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This migration by the lung does not usually occur in adult dogs, but in puppies of a few weeks it is an especially dangerous parasite, since it can cause pneumonia and even death.

The main symptoms that can be observed in an infected puppy are:

  • Diarrhea
  • Vomiting
  • Gut bulge
  • Cough and respiratory problems
  • Weight loss and anemia
  • Bad appearance of the coat

Upon observing any of these symptoms, we must urgently go to the vet with the puppy to establish a treatment that eliminates internal parasites and improves the associated symptoms.

How can we prevent internal parasites in puppies?

The best way to prevent infection in puppies is to the mother is properly dewormed before and during pregnancy / lactation.

There are specific products for deworming pregnant females (eg fenbendazole) and a deworming protocol must be followed. established and supervised by a veterinaryn.

IMPORTANT! Most of the products that are commonly used in deworming adult dogs are contraindicated in pregnant / lactating females, so do not supply any of these medications without first consulting a veterinaryn.

How do we internally deworm a pregnant bitch?

If we are going to cross our bitch on a scheduled basis, we must internally deworm it before mounting.

Towards the end of gestation, we must return to deworming (Administering Fenbendazole from day 40 of gestation prevents transmission to Toxocara Canis puppies).

Also recommended deworming the bitch during lactation (It must be treated at the same time as the first antiparasitic treatment of the litter).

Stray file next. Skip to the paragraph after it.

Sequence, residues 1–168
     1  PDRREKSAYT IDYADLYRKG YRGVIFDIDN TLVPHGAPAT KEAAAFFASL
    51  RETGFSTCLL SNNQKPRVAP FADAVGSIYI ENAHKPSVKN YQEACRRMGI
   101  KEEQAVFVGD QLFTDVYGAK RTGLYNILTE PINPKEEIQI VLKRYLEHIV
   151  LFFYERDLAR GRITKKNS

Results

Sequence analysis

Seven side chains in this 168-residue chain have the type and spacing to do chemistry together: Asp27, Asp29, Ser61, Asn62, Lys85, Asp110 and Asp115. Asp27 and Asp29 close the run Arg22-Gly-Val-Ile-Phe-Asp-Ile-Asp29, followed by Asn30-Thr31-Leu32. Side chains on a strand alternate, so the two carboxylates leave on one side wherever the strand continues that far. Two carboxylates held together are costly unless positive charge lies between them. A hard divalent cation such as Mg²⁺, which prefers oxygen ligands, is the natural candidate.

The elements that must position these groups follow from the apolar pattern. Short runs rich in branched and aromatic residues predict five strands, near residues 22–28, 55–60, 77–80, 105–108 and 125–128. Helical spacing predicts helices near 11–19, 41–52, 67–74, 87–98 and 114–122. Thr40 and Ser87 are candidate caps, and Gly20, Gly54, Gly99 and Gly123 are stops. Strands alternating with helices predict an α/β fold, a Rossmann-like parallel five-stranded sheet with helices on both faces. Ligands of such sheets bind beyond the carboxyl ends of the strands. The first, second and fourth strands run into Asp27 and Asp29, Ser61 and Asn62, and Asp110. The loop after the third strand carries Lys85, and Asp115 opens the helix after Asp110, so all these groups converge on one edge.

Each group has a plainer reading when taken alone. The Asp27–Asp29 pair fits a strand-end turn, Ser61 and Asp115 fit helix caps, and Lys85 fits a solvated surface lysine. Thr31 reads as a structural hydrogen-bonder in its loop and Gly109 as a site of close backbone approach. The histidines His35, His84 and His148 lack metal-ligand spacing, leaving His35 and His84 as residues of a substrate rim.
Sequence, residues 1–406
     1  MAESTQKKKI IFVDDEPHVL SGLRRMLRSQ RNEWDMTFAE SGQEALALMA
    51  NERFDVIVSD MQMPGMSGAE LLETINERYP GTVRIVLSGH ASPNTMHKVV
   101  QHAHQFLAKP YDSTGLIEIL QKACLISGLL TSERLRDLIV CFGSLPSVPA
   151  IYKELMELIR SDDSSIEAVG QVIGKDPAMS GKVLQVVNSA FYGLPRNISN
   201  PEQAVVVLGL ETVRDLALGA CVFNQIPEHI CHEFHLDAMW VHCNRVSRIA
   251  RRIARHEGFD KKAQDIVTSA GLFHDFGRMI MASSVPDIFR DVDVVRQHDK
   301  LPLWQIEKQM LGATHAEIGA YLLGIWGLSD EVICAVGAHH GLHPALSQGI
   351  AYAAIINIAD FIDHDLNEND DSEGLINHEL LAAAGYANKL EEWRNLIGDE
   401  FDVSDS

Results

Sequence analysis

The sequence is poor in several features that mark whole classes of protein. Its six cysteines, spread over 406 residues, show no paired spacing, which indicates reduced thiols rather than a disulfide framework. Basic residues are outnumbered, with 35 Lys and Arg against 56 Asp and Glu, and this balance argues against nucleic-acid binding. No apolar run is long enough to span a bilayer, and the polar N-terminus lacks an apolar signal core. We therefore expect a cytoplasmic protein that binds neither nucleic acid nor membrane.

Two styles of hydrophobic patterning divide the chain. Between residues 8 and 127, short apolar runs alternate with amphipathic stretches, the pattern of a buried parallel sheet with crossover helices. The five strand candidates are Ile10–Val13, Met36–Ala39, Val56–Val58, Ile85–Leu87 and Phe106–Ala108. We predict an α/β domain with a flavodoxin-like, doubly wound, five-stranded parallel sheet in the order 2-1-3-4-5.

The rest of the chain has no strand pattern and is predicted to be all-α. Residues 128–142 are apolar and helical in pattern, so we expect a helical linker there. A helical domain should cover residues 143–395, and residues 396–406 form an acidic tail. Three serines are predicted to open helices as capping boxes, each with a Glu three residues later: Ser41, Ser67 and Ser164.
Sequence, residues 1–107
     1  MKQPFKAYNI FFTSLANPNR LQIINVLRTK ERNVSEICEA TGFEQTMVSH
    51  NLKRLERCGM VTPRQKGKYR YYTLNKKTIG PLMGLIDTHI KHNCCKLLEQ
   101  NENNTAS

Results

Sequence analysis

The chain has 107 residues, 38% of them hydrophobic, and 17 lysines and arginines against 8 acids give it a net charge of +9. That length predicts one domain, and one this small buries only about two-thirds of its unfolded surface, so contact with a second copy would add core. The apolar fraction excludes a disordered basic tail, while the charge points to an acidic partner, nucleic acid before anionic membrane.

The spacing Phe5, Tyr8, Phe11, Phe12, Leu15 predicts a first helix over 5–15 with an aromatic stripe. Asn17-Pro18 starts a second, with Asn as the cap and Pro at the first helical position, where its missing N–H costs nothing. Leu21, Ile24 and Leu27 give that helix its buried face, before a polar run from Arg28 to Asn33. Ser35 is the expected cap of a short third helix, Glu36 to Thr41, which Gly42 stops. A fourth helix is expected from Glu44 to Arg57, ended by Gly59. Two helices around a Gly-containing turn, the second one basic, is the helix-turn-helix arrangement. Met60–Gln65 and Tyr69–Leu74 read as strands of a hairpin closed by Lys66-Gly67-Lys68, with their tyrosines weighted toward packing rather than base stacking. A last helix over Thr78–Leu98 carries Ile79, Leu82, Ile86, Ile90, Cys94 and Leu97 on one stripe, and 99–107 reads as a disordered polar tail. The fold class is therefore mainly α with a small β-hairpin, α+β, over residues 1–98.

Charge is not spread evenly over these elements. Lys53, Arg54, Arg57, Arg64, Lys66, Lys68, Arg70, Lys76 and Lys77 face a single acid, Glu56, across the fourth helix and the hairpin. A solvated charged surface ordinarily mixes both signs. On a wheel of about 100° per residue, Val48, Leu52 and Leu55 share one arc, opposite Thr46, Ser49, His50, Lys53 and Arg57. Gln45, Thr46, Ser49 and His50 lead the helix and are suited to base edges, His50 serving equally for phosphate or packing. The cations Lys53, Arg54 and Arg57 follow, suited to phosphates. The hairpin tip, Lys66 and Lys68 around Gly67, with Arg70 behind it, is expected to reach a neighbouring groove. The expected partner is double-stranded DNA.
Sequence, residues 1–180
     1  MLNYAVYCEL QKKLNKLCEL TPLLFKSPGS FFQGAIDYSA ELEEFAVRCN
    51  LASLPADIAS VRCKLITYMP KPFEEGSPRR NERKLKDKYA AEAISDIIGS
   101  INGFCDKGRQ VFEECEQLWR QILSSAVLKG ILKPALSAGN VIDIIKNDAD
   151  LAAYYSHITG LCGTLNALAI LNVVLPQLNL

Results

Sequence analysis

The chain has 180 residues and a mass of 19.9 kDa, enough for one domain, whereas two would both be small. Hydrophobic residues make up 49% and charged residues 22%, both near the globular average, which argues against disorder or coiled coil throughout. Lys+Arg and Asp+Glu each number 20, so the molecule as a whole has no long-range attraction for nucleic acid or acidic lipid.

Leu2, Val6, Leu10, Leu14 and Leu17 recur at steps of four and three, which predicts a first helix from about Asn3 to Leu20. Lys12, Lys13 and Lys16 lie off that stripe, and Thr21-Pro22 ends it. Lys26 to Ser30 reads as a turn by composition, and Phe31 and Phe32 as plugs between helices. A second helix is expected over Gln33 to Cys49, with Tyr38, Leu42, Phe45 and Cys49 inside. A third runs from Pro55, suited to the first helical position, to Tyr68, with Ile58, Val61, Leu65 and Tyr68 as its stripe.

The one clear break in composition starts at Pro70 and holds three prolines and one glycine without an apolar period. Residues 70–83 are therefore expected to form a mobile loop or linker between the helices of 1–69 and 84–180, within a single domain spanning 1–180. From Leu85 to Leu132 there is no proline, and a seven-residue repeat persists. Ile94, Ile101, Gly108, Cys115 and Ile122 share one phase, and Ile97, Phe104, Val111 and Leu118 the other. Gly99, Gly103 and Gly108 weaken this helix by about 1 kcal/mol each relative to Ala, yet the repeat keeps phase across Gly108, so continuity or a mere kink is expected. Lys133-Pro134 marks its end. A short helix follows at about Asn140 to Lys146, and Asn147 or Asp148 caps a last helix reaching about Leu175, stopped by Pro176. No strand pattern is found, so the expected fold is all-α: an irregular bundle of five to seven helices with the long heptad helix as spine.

How do we deworm lactating puppies?

If we do not know the health status of the mother and there is a possibility that she is a carrier of Toxocara canis and may have infected the puppies, we should carry out early deworming of puppies at 15 days of age with specific products (eg fenbendazole in syrup or paste). The treatment should be repeated every fortnight up to two weeks after weaning. Thereafter, monthly deworming will be performed up to 6 months of age.

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If we have followed a correct preventive protocol for deworming the mother, we can delay the first internal deworming of the puppies until 4-6 weeks of age, prior to the time of the first vaccination.

How do we deworm the puppies that are already out on the street?

Once the vaccination protocol is finished, at around 3 months of age, the puppy can go outside and the range of internal parasites that can affect him is broader:

  • Roundworms (Toxocara canis, Dirofilaria immitis …)
  • Flat worms (Tenia spp., Equinococcus granulosus, Dipylidium caninum …)

Therefore, it is convenient to start use broad-spectrum dewormers that cover both roundworms and flatworms (eg milbemycin).

Regarding the frequency of deworming, My recommendation as a veterinaryn is to main
tain a monthly periodicity until 6 months of age and then go to internal deworming every 3 months for life

It is recommended in high-risk scenarios (dogs living in a family with young children, with immunocompromised people or who have access to gardens or parks), to maintain the monthly frequency also in adulthood.

An alternative to deworming on a regular basis, would be to carry out monthly or quarterly stool tests, and only deworm our pet if it is infected.